Facebook pays for anti-Google campaign

Dan Lyons of the Daily Beast reports that social networking giant Facebook had clandestinely hired top public relations firm Burson-Marsteller to launch a smear campaign against Google on the grounds that the search engine company is invading the privacy of Facebook users.

The Beast uncovered the scheme shortly after influential technology blogger Chris Soghoian posted online an e-mail exchange with John Mercurio, an employee of Burson. Mercurio had proposed that Soghoian write an anti-Google piece to be pitched to media outlets like the Washington Post, Politico, The Hill, Roll Call, and the Huffington Post, and had even offered to help with the draft. Soghoian published their messages to each other after Mercurio refused to reveal who their client was.

The main bone of contention is a Google tool called Social Circle, which Mercurio, in one of his missives to Soghoian, alleged is designed “to scrape and mine social sites from around the web to make connections between people that wouldn’t otherwise exists and share that information with people who wouldn’t otherwise have access to it.  All of this happens without the knowledge, consent or control of the people whose information is being shared.”

According to Lyons:

The mess, seemingly worthy of a Nixon reelection campaign, is embarrassing for Facebook, which has struggled at times to brand itself as trustworthy. But even more so for Burson-Marsteller, a huge PR firm that has represented lots of blue-chip corporate clients in its 58-year history. Mark Penn, Burson’s CEO, has been a political consultant for Bill Clinton, and is best known as the chief strategist in HIllary Clinton’s 2008 presidential campaign.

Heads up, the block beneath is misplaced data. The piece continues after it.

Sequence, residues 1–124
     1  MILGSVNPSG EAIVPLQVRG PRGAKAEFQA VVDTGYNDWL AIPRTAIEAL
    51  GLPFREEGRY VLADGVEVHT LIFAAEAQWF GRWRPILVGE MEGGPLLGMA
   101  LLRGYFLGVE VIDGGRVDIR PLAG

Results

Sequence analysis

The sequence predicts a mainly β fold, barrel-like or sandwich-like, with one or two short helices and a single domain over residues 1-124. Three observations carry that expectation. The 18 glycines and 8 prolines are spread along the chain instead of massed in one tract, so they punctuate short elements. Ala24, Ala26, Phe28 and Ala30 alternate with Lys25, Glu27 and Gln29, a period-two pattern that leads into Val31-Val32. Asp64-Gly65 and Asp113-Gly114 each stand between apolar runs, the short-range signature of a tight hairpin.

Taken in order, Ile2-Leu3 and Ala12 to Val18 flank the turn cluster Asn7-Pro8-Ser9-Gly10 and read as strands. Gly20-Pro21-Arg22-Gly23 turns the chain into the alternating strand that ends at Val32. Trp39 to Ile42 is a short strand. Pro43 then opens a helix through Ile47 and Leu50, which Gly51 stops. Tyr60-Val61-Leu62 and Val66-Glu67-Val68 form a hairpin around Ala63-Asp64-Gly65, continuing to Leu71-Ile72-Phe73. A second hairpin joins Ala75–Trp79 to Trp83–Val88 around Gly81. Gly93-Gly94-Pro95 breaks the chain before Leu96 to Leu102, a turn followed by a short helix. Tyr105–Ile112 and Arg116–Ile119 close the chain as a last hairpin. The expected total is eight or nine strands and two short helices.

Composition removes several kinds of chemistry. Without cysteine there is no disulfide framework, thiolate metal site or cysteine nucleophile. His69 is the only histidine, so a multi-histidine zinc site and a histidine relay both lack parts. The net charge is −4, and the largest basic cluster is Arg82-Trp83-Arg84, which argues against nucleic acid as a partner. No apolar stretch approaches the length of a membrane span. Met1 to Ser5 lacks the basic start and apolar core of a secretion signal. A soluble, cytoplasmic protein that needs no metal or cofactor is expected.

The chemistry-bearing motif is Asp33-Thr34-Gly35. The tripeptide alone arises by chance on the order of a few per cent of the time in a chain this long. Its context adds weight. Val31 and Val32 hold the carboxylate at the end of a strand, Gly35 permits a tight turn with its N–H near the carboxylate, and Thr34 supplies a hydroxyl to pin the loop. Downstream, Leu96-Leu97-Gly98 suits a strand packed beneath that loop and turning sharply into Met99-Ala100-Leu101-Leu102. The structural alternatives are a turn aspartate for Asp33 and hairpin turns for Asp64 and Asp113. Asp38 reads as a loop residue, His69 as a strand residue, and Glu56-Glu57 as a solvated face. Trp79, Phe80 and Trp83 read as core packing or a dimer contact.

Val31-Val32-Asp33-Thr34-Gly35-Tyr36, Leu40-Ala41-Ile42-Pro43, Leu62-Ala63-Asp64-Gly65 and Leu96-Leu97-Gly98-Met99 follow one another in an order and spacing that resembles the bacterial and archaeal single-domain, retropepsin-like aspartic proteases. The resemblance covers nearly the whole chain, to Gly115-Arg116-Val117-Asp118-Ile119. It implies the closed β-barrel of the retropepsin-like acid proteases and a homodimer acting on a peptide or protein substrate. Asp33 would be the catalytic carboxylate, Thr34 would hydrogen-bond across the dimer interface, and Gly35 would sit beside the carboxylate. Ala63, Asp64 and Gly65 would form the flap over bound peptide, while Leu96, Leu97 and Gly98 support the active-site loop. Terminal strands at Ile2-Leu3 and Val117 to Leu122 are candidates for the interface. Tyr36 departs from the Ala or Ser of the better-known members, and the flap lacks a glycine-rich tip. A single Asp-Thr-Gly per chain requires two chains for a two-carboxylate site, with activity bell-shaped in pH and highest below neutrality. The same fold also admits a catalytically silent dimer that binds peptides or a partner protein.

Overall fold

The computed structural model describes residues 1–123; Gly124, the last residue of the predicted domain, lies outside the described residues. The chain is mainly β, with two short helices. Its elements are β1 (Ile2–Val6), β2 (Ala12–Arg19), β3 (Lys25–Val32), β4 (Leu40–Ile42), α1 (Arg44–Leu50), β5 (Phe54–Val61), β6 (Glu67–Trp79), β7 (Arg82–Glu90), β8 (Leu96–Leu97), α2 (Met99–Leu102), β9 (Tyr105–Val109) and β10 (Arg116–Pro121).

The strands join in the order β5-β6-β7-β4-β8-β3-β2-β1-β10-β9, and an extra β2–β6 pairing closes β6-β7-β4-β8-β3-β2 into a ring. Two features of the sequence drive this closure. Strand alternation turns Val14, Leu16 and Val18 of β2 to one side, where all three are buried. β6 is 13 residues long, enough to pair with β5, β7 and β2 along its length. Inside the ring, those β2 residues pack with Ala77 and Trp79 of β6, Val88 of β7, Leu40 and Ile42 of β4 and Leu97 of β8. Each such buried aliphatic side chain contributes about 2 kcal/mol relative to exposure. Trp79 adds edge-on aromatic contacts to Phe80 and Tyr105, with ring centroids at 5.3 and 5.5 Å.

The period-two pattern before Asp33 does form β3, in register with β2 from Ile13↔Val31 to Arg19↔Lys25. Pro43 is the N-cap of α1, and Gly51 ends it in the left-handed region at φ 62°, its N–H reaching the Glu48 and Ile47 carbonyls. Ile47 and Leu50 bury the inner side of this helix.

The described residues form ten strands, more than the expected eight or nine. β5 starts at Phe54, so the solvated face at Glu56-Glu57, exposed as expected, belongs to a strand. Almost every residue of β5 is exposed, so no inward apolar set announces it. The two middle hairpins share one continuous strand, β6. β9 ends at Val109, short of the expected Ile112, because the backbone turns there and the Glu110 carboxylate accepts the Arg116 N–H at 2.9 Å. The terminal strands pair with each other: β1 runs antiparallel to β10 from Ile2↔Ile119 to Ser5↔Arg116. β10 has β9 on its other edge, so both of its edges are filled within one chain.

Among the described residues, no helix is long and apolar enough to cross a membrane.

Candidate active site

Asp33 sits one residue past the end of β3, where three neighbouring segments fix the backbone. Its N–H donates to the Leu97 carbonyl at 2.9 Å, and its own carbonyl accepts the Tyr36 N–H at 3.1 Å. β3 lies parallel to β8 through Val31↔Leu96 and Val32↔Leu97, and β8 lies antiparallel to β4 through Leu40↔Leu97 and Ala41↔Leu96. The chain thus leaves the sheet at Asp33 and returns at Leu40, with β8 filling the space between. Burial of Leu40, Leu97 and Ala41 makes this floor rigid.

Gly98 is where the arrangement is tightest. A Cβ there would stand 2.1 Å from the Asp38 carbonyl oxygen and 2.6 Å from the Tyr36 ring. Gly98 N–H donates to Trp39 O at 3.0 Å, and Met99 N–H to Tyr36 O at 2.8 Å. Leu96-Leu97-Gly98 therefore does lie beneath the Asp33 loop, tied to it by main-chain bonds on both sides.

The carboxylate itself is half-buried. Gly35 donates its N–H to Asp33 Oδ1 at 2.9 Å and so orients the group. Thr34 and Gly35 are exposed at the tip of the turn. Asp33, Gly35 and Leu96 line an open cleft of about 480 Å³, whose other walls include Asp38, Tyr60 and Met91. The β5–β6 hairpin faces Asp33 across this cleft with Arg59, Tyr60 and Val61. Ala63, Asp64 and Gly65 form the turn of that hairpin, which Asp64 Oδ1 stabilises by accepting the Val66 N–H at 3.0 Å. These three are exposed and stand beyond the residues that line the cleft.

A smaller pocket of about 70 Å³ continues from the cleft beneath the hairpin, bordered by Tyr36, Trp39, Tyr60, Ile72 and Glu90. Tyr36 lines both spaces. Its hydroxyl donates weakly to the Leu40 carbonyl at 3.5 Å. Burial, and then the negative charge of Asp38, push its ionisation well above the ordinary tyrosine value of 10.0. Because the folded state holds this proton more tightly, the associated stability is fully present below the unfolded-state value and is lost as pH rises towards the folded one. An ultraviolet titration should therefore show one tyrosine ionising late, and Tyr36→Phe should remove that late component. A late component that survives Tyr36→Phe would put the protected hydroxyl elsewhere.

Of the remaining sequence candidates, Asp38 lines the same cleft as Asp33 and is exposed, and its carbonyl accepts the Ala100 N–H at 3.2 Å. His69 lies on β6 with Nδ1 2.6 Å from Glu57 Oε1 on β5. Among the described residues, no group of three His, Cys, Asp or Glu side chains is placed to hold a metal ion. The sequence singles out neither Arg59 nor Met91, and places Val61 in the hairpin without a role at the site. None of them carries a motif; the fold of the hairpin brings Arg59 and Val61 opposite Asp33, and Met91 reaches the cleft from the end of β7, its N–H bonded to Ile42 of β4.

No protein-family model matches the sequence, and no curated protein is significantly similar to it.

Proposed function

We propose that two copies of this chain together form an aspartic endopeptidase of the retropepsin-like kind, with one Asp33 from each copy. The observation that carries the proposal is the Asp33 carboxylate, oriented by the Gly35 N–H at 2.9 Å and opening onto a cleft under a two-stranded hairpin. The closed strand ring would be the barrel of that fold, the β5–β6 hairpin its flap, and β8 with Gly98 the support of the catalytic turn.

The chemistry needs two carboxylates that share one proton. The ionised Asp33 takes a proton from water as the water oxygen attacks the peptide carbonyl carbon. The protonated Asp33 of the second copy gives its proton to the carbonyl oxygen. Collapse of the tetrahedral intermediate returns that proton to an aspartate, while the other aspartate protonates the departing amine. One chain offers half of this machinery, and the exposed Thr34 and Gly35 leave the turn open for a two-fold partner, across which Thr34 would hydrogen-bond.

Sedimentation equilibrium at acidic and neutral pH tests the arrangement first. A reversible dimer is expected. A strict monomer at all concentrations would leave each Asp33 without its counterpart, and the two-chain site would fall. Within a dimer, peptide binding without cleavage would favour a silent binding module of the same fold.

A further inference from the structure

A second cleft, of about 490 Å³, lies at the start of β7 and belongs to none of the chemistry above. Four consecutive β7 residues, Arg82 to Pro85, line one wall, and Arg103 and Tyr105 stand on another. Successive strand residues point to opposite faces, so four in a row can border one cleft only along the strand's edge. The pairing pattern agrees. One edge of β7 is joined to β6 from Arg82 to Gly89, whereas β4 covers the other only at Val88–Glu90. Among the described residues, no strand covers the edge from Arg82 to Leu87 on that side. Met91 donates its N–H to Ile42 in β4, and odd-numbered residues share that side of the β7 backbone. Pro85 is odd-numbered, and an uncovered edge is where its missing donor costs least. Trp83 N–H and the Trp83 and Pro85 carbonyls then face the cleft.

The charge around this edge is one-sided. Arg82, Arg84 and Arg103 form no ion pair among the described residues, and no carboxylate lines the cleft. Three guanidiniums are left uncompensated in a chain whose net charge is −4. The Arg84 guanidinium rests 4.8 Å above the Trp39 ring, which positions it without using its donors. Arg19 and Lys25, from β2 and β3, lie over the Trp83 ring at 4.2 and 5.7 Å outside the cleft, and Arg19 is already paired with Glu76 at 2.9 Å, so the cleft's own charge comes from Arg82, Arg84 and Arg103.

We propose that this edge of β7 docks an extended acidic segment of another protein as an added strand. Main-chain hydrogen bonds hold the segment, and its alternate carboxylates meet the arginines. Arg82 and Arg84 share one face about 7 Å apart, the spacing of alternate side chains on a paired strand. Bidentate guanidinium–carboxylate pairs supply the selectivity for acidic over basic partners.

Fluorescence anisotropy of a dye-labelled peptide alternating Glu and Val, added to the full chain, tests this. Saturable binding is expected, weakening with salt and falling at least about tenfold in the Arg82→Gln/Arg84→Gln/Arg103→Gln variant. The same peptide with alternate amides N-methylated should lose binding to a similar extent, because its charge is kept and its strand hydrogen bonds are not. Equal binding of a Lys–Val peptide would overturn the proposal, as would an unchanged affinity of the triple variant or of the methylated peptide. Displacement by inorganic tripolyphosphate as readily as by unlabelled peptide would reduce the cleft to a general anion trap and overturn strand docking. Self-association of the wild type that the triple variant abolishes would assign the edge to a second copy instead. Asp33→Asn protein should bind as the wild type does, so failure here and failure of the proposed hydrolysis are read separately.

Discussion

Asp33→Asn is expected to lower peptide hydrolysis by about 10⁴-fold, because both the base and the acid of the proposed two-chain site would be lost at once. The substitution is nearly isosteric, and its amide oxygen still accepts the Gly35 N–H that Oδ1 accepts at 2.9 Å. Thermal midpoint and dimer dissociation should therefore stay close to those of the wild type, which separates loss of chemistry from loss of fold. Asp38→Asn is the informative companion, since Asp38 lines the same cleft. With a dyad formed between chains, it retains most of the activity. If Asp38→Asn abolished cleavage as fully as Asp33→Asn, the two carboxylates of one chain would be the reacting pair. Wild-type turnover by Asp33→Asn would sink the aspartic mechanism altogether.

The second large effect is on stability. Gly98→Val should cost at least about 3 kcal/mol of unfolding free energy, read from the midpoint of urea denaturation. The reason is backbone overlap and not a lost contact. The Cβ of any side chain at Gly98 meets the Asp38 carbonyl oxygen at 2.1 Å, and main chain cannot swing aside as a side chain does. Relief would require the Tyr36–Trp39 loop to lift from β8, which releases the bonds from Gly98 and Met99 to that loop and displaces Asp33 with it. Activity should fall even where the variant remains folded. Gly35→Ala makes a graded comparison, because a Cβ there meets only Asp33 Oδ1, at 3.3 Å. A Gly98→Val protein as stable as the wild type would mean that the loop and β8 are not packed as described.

Yet here were two guys from one of the biggest and best-known PR agencies in the world, blustering around Silicon Valley like a pair of Keystone Kops. Even yesterday, when I asked flat out whether Facebook had been the client behind the campaign, a Burson spokesman refused to confirm it. Then, later, learning that Facebook had come clean, the Burson spokesman wrote back and confirmed it.

A Facebook spokesperson told Lyons that Google, via Social Circle, was violating Facebook’s terms of service, and that they were concerned at how Google was using their member data. For his part, Soghoian said that the social networking firm was “making a mountain out of a molehill”.